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Thursday, November 29, 2012

Fishing in the Discount Bin: Mission: Impossible - Ghost Protocol

It's that time of the week again, for Fishing in the Discount Bin.  Isn't it weird how things are lining up?  Because of movie schedules, DVD release schedules, and my self-imposed schedule on this blog, I seem to be hitting all the big blockbusters from this time last year.  Case in point:  Mission: Impossible - Ghost Protocol, which came out on December 16, 2011 -- almost two weeks shy of its theatrical release.  This entry is dated in my notes as having been written on May 4, 2012.

Gonna make this one quick because I'm sleepy.

As I blogged before when counting down to this film's release, Mission: Impossible - Ghost Protocol probably doesn't seem like the kind of movie I'd go nuts for.  But I was excited for it because of the talent behind the camera.  It was directed by Brad Bird.  Bird spent most of the 1990s working on The Simpsons, then he left to go make my favourite movie, The Iron Giant.  From there, his old classmate John Lassetter convinced him to set up shop at Pixar, where Bird made The Incredibles and Ratatouille.  After the success of Ratatouille, Bird wanted to try his hand at directing a live-action film.  Unable to find backing for his historical epic, 1906, he started looking for other directing jobs.  Finally, Tom Cruise and JJ Abrams figured he was the right guy to do the next Mission: Impossible film.  I was really excited to see what Brad Bird would be doing in live action, just as I've been excited about all his films.

Tom Cruise is back as superspy Ethan Hunt, who's busted out of a Russian prison after an exchange in Budapest goes wrong.  Hunt's mission - should he chose to accept it - is to break into the Kremlin and get files pertaining to a terrorist known as Cobalt.  But, of course, while in the Kremlin, Cobalt decides to blow the place up, and Hunt and his team are framed for the terrorist act.  The US Government then initiates "ghost protocol," where Hunt and his team are blamed for the attack, the entire IMF is dissolved and disavowed, but Hunt and his team are allowed to go rogue to find Cobalt.  Hunt and his team then chase Cobalt around the world, one step behind Cobalt, but one step ahead of the Russian spies who blame Hunt for the attack.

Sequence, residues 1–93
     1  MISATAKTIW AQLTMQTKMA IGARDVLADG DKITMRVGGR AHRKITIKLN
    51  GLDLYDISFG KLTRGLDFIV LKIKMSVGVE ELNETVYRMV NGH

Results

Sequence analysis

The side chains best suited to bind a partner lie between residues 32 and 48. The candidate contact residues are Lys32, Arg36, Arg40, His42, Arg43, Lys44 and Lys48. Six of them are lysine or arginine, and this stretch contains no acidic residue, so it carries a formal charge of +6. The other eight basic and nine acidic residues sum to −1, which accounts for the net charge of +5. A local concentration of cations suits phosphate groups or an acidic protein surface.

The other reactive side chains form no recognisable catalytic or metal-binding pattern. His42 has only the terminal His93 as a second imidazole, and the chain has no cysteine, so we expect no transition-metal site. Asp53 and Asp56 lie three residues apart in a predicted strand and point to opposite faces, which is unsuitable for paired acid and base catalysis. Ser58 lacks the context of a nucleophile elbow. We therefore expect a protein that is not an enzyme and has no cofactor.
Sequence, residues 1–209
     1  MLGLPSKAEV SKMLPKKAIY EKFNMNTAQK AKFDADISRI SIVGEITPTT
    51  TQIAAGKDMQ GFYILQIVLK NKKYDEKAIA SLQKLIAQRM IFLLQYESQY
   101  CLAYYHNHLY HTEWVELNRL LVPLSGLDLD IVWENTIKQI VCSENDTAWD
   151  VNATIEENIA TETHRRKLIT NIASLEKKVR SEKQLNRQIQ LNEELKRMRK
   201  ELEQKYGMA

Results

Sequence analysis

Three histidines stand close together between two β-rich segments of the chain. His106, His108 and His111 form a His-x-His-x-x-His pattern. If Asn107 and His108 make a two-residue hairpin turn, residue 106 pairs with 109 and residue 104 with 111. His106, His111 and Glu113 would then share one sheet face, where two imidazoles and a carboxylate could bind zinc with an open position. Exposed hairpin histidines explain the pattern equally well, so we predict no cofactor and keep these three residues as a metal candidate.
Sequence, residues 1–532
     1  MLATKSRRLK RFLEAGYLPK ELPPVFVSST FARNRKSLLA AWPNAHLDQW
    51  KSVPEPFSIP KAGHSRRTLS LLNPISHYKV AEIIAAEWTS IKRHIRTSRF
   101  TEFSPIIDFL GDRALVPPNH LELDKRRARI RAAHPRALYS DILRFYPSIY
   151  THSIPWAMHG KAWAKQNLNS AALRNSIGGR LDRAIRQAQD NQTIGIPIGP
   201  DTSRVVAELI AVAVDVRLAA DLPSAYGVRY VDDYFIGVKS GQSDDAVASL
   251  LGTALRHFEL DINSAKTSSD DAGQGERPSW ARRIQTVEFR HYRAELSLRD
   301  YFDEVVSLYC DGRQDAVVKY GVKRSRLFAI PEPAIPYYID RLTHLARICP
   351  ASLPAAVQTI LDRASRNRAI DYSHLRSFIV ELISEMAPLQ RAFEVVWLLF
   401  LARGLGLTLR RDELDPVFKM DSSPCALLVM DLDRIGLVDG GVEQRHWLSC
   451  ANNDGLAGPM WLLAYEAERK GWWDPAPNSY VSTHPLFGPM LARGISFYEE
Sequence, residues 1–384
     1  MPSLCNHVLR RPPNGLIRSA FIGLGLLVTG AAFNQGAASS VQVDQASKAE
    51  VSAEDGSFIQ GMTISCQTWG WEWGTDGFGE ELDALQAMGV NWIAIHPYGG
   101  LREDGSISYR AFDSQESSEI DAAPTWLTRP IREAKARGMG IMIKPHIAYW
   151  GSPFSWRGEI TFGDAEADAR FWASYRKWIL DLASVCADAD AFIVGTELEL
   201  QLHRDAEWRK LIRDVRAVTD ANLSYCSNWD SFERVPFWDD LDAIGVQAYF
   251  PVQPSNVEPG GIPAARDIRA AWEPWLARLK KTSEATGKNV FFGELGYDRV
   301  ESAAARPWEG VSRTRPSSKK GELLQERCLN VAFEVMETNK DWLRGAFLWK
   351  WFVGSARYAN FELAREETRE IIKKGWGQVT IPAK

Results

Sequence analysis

Cobalt's scheme:  nuke the planet, believing that the attack will strengthen humanity and lead to the next step in evolution.  You know, standard spy movie super-villain stuff.

On Hunt's team are Jane Carter, who blames herself for that Budapest operation going south and has a vendetta against one of Cobalt's troops; Benji Dunn, last seen in #3 as an analyst and is now a field agent, eager for his first mission, and Brandt, and analyst who is thrust into the field when everything goes crazy,  but does have a shadowy connection to Hunt's past.

This is a very good action movie.  It moves along really quick...a little too quick at times, as it's difficult to keep track of who's doing what and what they're chasing after.  The action sequences are amazing, though.  I really wish I saw this in theaters in IMAX, because everyone raved about the Dubai sequence in IMAX.  Oh, yeah, that's the film's signature action scene, when Tom Cruise has to scale the Burj Dubai...the world's tallest building.  It is a very good sequence.

But yeah.  It's a good action film.

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